The first step in lifting a barbell is loading weight plates onto the bar. At some gyms, there’s only one type of bar, and it weighs 20 kilos, and that’s all you need to know. But that’s not the only type out there, and if your gym has different bars of different shapes and weights, it’s possible to get confused.
First, check for an easy answer
If you’re wondering about a bar, always check the end of it. Sometimes you’ll find a label with a brand name, a description of what the bar is, and its weight. For example, this one has a little endcap that says “The Rogue Ohio Deadlift Bar. 27mm. 20kg.” Now you know that it weighs 20kg and that it’s got a 27mm wide handle, which is very slightly thinner than a typical power bar. Great! Problem solved.
But on many bars, all you’ll see at the end is a rusty bolt. If the bar is two metres long, it probably weighs around 20kg. If you’re suspicious, though, trust no one. I’ve heard bystanders say “oh yeah, that one’s 25 kilos” for both a standard 25kg bar, and a monster of a 30kg trap bar.
There’s a simple way to find out how much any bar weighs: weigh it. Almost every gym has a bathroom scale kicking around somewhere, so you can weigh yourself holding the barbell, and then weigh yourself without it and subtract your own weight.
That said, these are the most common bars you’re likely to encounter:
Standard 20kg bars
If you see a bar at the gym that’s two metres long, with the part you hold about three centimetres in diameter and the parts where the weight plates go about five centimetres in diameter, you’re almost certainly looking at one of these. They are the most common type of bar you’ll see in most gyms.
Men’s Olympic bars are 20kg for the men’s bar, and 2.2 metres long. The collars (the wider parts on the ends) spin easily. If you load them up with plenty of weight, you will see that they are “whippy,” meaning the bar tends to flex or bounce easily. These are designed with the two Olympic lifts in mind, the snatch and the clean and jerk. But you can use them for any lift you like, so you’ll find them at gyms where nobody does any Olympic lifts.
Power bars, used for squat, bench, deadlift, and the like, are the same size and shape as men’s Olympic bars. They tend to be stiffer (less whippy) and the collars will probably not spin as easily.
Deadlift bars may be a bit longer than a typical power bar, and may be thinner and more whippy.
Squat bars are a wild card here. Normally, the bar in a squat rack will be a regular power bar. But sometimes, it will be a specialised squat bar that is thicker and stiffer, and that may weigh 23kg, or sometimes 25kg or more.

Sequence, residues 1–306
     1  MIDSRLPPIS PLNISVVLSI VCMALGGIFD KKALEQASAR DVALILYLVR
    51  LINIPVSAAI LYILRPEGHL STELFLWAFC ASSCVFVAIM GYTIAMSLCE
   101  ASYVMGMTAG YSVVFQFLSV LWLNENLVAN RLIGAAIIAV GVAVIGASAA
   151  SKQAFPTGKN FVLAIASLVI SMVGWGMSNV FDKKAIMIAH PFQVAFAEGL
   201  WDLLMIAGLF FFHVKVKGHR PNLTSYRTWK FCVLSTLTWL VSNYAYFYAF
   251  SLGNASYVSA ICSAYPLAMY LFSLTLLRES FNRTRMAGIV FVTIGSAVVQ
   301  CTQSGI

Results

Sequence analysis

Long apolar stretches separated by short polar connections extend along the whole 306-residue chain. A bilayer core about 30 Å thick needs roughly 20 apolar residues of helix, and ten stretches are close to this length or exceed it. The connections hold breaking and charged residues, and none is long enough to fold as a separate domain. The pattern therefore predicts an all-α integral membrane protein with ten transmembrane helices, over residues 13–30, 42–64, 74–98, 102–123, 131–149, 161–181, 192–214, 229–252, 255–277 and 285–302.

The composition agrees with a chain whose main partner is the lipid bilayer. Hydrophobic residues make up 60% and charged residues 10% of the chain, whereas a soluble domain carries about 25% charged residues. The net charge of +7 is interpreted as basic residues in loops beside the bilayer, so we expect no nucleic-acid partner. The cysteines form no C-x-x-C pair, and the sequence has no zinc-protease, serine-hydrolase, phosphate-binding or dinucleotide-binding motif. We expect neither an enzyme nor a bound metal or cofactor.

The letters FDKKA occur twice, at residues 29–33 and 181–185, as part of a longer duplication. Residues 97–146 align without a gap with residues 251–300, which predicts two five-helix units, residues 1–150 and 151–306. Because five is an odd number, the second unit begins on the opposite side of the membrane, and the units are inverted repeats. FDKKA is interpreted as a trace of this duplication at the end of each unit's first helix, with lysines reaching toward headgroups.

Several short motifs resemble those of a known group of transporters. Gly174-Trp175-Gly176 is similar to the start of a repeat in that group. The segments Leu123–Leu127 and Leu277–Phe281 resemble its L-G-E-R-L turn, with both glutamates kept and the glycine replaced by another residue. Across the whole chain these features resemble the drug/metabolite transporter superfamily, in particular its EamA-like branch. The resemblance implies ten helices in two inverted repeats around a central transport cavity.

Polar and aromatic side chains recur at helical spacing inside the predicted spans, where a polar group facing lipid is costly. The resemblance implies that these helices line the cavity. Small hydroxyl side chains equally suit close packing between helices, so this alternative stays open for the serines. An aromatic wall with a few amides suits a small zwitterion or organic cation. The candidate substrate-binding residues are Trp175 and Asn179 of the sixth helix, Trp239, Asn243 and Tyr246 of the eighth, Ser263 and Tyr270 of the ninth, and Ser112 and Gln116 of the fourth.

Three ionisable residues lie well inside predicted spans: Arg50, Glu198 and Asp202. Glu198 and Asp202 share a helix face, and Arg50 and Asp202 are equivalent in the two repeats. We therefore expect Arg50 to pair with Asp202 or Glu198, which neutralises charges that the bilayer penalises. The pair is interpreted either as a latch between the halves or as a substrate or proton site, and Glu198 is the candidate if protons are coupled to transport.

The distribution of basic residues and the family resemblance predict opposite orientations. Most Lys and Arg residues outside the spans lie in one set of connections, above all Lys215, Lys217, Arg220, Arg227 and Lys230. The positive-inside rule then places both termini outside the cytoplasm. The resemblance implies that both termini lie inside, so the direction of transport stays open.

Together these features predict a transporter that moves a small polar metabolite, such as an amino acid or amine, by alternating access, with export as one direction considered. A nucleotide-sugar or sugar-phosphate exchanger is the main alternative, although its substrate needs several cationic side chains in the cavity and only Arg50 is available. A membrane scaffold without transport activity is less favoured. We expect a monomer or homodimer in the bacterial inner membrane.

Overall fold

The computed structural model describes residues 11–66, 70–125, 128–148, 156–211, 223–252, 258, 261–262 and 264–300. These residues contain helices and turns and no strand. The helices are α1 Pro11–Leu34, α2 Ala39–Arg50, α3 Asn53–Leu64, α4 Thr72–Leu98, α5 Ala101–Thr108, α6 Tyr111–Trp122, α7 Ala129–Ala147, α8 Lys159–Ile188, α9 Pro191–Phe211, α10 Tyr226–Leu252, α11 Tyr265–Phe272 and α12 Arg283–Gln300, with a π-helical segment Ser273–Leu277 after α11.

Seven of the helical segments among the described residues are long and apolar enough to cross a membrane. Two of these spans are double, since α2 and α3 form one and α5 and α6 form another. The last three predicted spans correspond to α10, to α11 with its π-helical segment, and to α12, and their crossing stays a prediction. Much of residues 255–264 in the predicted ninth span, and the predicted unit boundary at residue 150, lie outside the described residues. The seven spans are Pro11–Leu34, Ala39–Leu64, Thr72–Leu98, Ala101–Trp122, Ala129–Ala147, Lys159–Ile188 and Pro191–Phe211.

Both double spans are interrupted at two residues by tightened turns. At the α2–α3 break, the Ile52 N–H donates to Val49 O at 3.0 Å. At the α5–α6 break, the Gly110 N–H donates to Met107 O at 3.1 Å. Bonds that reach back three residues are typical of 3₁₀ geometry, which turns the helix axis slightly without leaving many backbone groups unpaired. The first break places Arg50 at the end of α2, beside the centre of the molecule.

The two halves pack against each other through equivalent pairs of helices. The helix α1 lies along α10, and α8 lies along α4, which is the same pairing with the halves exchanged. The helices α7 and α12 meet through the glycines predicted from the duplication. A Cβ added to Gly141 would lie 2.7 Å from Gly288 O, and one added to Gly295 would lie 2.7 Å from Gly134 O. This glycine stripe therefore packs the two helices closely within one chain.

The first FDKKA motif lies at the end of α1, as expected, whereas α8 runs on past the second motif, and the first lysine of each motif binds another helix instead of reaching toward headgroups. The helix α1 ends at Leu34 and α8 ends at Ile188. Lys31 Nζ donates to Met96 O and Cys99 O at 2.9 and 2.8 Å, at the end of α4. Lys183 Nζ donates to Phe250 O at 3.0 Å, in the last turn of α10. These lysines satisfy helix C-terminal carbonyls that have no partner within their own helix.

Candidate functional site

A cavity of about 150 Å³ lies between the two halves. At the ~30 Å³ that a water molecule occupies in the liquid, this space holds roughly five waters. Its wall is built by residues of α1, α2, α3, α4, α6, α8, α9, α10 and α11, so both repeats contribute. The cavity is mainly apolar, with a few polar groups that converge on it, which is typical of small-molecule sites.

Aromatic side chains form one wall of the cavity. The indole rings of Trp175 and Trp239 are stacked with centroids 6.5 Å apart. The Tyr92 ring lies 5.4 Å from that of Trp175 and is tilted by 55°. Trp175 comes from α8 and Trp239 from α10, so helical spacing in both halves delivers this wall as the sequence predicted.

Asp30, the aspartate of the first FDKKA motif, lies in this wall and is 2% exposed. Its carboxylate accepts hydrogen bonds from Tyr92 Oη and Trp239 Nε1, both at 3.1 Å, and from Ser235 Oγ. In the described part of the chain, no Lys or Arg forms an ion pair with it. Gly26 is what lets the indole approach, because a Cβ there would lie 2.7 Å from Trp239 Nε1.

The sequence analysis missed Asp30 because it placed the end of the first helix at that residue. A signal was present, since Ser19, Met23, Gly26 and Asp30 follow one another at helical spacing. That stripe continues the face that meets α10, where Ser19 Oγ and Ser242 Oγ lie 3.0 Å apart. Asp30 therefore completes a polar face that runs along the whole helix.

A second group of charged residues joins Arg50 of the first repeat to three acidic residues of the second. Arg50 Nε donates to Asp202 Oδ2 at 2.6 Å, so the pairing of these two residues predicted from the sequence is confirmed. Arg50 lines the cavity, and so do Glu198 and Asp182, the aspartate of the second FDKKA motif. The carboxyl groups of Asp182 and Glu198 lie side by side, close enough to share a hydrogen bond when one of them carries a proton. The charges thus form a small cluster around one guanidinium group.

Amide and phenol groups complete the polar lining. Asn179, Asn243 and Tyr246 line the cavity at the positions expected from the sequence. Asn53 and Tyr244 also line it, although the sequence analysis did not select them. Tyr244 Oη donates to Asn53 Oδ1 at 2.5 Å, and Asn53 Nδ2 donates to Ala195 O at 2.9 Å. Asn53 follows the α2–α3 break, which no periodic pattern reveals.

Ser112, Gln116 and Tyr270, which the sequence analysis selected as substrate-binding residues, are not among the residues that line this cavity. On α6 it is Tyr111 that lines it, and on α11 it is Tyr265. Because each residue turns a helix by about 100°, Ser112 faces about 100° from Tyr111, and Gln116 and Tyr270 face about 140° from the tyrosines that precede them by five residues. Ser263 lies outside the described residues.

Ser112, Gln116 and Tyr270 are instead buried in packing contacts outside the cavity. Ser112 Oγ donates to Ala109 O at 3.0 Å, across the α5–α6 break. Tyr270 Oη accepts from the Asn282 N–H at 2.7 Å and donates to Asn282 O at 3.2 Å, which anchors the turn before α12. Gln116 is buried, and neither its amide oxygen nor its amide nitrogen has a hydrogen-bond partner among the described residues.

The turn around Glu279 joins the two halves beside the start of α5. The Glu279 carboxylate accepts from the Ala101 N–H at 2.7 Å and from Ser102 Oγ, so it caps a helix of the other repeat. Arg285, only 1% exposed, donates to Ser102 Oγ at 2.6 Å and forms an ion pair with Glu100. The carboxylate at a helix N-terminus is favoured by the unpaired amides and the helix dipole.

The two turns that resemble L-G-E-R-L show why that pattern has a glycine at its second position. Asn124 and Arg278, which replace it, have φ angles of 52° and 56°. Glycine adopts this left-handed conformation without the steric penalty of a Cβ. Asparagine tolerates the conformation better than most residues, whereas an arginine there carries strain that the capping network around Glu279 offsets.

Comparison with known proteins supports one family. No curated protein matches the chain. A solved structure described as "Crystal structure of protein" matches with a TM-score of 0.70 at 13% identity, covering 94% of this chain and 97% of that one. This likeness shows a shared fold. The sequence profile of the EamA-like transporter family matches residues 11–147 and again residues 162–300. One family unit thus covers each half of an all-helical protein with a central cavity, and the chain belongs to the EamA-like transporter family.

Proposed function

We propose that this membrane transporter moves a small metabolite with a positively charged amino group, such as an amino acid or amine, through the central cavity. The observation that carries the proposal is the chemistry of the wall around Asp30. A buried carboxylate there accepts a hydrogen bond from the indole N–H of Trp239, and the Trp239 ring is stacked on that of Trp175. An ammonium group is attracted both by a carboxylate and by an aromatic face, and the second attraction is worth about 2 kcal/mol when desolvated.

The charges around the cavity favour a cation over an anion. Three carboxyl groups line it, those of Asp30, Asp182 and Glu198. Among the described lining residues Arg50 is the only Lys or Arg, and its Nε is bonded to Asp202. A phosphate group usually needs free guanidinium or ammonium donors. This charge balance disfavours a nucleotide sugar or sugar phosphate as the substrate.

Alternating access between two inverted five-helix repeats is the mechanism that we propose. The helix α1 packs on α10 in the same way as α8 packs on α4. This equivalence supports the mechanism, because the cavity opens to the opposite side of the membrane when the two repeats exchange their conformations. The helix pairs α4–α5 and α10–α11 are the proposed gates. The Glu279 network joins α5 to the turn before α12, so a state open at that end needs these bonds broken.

Women’s Olympic bars
Women’s bars are lighter and slightly thinner than men’s Olympic bars, but they are also noticeably shorter—about 20 centimetres shorter. They weigh 15kg.
Women’s Olympic bars exist for women to use when competing in the snatch and clean and jerk. They have two main advantages over a men’s bar (if you are an average sized woman):
They are thinner, making them easier to grip, especially with the hook grip that Olympic lifters typically use.
They are whippier, so that the bar doesn’t require quite as much weight on it to be able to bounce. This matters in Olympic lifting (for example, when you let the bar whip as you’re standing up from a clean) and means basically nothing for other lifts.
Because they’re specialised for Olympic lifting, you’re not too likely to see these bars in most gyms. But they’re out there, and can be a nice substitute for a deadlift bar if you want something extra thin and whippy. Just be aware of the weight difference.
Training bars and curl bars
These bars are smaller and lighter than the ones discussed above. The idea behind training bars (often 5kg or 10kg) is to give you something lighter to work with if you’re not ready for a full size bar.
Curl bars are what they sound like: shorter, smaller bars meant for doing bicep curls and other moves that don’t require a full size bar. At my gym, they’re not kept with the regular bars, but instead stored under the dumbbell racks.
Curl bars are often, but not always, 11kg or so. Check or weigh to be sure.
These are the wiggly ones. They’re used like curl bars, for exercises that use smallish amounts of weight. Their handles are designed so that you can choose the position that’s most comfortable for your wrists.
Trap bars and other oddly shaped things
There are a variety of other bars out there, with odd shapes and varying weights. One is the trap bar or hex bar, a hexagon big enough that you stand inside of it. (It’s mainly used for trap bar deadlifts, where your hands are at your sides and you don’t have to worry about whether you’re going to smack the bar into your shins.) Some trap bars are 20kg, but some are more and some are less.
There are also football bars, also called Swiss bars or multi-grip bars, that allow you to use a neutral grip for bench press or other pressing movements. Sometimes they’re 20kg, but again, sometimes they aren’t.
Unusual bars aren’t standardised, so the weight is just whatever it ended up being when the bar’s maker welded all the parts together. When in doubt, weigh it yourself.